Getting the most from online study

Posted in: University Life

Almost all students are likely to experience online learning to some degree this year. The reasons for this are well known. The less well-known element will be for how long this situation will last. Whatever the answer to that question is, it makes sense to develop your own approach to learning remotely, so you get the most from it and maximise the opportunities that it offers.

Many students will have had some experience of learning in this way, either while at University or in other learning environments. The challenge now will be adapting to it in a larger scale and for a longer period.

Perhaps the biggest challenge is one of acceptance and attitude…how do you feel about it? If you are feeling negative then it will be harder to embrace it and get the most from it. This is not a switch that can be flicked on and off, but mindset will be very important as you will need to keep yourself going on occasions. Easy to say though isn’t it? What is the best way for you to manage your situation and enjoy your learning?

We have some general tips that might help. Firstly, do some research:

  • Talk to others about their experiences – they will give you invaluable tips and help
  • Look for guidance online – unsurprisingly this is a hot topic online (this blog piece is a good example of that!)
  • See how it works for others and make a judgement – remember not everything will work for you, finding your own way of working will be important

Once learning is underway (as it no doubt is now) there are some things you can do to maximise your learning experience:

  • Routine – being able to work to a plan helps you to not only manage time wisely (so you don’t miss deadlines) but also helps you balance study against other activities in your life. The temptation to leave things to the last minute is in all of us and with recorded lectures, the appeal is even greater. Without having to work to a set timetable the potential to mismanage time increases, which increases pressure. Treat the online timetable just as you would any other and stick to it.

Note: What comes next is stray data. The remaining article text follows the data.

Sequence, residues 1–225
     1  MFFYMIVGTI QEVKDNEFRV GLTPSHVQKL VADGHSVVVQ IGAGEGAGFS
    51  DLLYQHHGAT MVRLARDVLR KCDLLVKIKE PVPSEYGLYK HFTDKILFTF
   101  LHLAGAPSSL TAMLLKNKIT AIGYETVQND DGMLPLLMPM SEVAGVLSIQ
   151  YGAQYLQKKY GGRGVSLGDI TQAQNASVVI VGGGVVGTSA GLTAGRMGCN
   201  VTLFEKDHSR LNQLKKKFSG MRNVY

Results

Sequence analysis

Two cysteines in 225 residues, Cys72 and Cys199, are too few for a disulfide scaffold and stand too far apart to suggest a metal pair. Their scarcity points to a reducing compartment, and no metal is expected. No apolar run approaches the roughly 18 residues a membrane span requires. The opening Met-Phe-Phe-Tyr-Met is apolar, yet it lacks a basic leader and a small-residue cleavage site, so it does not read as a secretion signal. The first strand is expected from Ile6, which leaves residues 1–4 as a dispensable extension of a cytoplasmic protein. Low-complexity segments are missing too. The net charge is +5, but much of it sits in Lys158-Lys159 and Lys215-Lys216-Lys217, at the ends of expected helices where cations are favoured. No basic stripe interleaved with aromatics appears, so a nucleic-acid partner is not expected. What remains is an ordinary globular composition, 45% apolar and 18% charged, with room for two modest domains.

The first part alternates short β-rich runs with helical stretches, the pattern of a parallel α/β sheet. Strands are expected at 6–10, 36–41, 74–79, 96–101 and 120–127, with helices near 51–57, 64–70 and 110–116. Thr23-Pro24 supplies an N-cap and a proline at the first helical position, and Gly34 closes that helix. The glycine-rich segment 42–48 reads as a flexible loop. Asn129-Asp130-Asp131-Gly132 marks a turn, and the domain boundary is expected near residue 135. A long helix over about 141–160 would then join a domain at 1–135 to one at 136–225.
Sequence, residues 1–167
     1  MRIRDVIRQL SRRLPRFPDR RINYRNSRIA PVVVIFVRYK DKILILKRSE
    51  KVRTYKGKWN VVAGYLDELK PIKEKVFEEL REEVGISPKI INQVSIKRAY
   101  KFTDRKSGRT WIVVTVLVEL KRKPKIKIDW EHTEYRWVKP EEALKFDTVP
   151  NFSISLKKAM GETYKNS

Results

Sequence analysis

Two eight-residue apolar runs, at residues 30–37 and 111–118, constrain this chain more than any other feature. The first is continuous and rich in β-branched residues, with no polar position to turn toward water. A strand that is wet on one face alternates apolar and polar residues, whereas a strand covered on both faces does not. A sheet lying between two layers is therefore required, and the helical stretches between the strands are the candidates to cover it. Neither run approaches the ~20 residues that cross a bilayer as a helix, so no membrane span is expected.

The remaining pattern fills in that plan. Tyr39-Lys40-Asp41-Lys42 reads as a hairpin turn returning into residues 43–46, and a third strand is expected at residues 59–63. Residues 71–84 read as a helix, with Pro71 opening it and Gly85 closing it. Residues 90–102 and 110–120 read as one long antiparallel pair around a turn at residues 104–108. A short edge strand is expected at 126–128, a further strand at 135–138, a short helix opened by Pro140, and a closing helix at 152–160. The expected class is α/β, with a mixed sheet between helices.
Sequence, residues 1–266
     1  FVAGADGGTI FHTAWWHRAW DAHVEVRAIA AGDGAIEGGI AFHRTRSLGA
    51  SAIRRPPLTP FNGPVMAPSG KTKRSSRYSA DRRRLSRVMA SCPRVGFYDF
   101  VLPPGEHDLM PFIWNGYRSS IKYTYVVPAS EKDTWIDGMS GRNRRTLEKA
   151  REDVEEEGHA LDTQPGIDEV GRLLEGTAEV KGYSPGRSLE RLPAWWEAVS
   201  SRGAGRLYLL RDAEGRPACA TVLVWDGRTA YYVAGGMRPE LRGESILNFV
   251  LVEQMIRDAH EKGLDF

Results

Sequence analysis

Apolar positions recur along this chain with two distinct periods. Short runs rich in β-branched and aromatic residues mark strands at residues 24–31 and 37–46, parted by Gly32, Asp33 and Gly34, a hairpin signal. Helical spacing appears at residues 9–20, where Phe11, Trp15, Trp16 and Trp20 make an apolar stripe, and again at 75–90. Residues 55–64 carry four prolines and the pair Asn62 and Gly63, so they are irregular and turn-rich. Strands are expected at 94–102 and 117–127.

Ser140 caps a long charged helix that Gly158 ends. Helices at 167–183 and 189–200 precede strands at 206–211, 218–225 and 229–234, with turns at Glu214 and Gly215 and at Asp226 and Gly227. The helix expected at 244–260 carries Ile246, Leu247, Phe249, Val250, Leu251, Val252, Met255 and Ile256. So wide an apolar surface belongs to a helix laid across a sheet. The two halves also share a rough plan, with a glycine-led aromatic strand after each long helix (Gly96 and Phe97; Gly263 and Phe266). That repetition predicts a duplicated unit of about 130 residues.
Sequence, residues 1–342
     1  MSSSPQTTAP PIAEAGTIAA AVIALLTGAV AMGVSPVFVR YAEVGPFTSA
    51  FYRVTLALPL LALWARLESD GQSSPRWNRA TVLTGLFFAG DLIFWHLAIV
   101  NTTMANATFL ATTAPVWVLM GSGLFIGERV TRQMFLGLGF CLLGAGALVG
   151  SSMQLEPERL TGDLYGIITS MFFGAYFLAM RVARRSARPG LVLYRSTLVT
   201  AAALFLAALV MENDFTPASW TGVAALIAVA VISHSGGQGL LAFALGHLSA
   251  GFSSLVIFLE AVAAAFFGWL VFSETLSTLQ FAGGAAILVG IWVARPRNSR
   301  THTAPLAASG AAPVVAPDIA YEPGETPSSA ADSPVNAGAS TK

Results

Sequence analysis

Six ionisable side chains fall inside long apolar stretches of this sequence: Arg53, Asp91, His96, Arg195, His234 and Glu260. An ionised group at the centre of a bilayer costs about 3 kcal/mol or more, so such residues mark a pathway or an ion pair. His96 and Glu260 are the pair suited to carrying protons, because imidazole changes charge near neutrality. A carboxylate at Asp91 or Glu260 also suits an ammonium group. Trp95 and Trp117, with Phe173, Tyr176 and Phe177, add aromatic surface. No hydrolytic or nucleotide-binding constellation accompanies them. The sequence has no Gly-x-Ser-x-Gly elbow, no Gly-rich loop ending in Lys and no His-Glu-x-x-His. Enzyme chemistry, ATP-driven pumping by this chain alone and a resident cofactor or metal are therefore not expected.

• Technology – getting yourself set up with the right technology will help a lot. That means a laptop, headphones, the right software, apps and so on, the smoother you can make the learning process by solving technical difficulties, the better.
  • Workspace – find a place that works for you for both taking part in online lecturers and for completing work and assignments. These may not be the same space; the key is to find places that work for you.
  • Take breaks – as you would with face to face learning when you move around between lectures or seminars, so you should make sure you have breaks and take exercise when learning remotely.
  • Set goals – this is something that works well whatever the learning situation. The setting of short and longer term goals related to the completion of work will help to keep you on track and create a sense of achievement as goals are ticked off.
  • Use the materials that have been provided. Your lecturers will provide plenty of material and reading to supplement their lectures and seminars. Sometimes this can seem a bit overwhelming, but it is provided to widen your learning and reference.
  • It follows that a dialogue with your lecturer is an important aspect of remote, or blended, learning. It is an essential way for you to lessen the feeling of remoteness and connect with your subject, the material and the tasks that you have been set.

Learning is an individual process, what works for you won’t necessarily work for others.  Online teaching accentuates the singular nature of learning and probably means that finding your own way to work is even more important.

If you do find it difficult getting on with remote learning don’t forget to talk to your University and Student Union as they will be able to provide help and guidance, when you need it.

Photo by Steinar Engeland on Unsplash

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